I had to solve many exercises to take my algebra exam lately and lots of them are on polynomials, whereas I am asked to look for roots and verify if the given polynomials are reducible in a specific $F[x]$ field or not.

I have noticed something while doing these exercises and I don't really know if my intuition is supported by some actual theorem (and that is why I am asking for your kind help), so I am wondering:

say $p(x)$ is a polynomial over $\mathbb Z_2$, is it possible that if $p(x)$ is irreducible in $\mathbb Z_2$ then it is irreducible in every $\mathbb Z_n \text { } (\forall n > 2)$?

and generally speaking is is true that if a polynomial $p(x)$ is irreducible in a certain $\mathbb Z_k \Rightarrow p(x)$ is irreducible in $\mathbb Z_j$ $(\forall j > k)$?

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    $\begingroup$ If $p$ has coefficients in $\Bbb Z/(2)$ then how does it also have coefficients in $\Bbb Z/(n)$ for every $n$? I think you want $p(x)\in\Bbb Z[x]$ and then consider irreducibility of $p(x)$'s image under the quotient maps $\Bbb Z[x]\to \Bbb Z/(n)[x]$. $\endgroup$ – anon Sep 3 '12 at 18:07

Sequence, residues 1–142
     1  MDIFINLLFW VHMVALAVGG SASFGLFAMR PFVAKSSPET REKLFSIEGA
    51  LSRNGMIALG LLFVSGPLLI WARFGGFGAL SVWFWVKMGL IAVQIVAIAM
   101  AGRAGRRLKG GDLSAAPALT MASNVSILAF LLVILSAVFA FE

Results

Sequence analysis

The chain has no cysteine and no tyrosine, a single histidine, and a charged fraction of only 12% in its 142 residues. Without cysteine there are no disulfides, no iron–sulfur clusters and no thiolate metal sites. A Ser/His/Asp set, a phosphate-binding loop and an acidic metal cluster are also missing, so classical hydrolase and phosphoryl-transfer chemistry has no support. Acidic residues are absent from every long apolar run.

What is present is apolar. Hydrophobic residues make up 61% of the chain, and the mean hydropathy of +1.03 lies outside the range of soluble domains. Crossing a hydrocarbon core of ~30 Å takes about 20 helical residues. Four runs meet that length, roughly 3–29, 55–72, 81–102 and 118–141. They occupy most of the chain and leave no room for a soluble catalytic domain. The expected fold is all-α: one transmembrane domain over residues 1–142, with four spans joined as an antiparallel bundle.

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    $\begingroup$ This is very false. I will give just one counterexample: $x^3 + x + 1$ is irreducible mod 2 but is reducible mod 3, 11, 13, 17, 23,.... In fact, there is a theorem that if a monic polynomial with integral coefficients is irreducible mod $p$ for all but finitely many $p$ then it must be a linear polynomial. $\endgroup$ – KCd Sep 3 '12 at 18:11

Your question is not well-defined and even if one assumes so, the answer is "no".

The coefficients of $p(x)\in\mathbb Z_2[x]$ are elements of $\mathbb Z_2$, that is either $2\mathbb Z$ or $1+2\mathbb Z$. We cannot consistently make coefficients in $\mathbb Z_n$ from that. For example, $x^2 \in \mathbb Z_2[x]$ might be lifted to $3x^2+2\in \mathbb Z_5[x]$, one need not take $x^2\in \mathbb Z_5[x]$.

However, to make sense of the question: Let $p(x)\in \mathbb Z[x]$ be a polynomial whose coefficients are all in $\{0, 1\}$. Then we can consider the reduced polynomials $p_n(x)\in\mathbb Z_n[x]$ for all $n\ge 2$. Question: If $p_2(x)$ is irreducible, does that imply that all $p_n(x)$ are irreducible? The answer is "no", as can be seen from this counterexample: For $p(x):=x^2+x+1\in \mathbb Z[x]$ its reduction $p_2(x)$ is irreducible because any nontrivial factor must be linear, i.e. lead to a root in $\mathbb Z_2$. But $p_2(0)=p_2(1)=1$. On the other hand, $p_3(x) = (x-1)^2$ is reducible.


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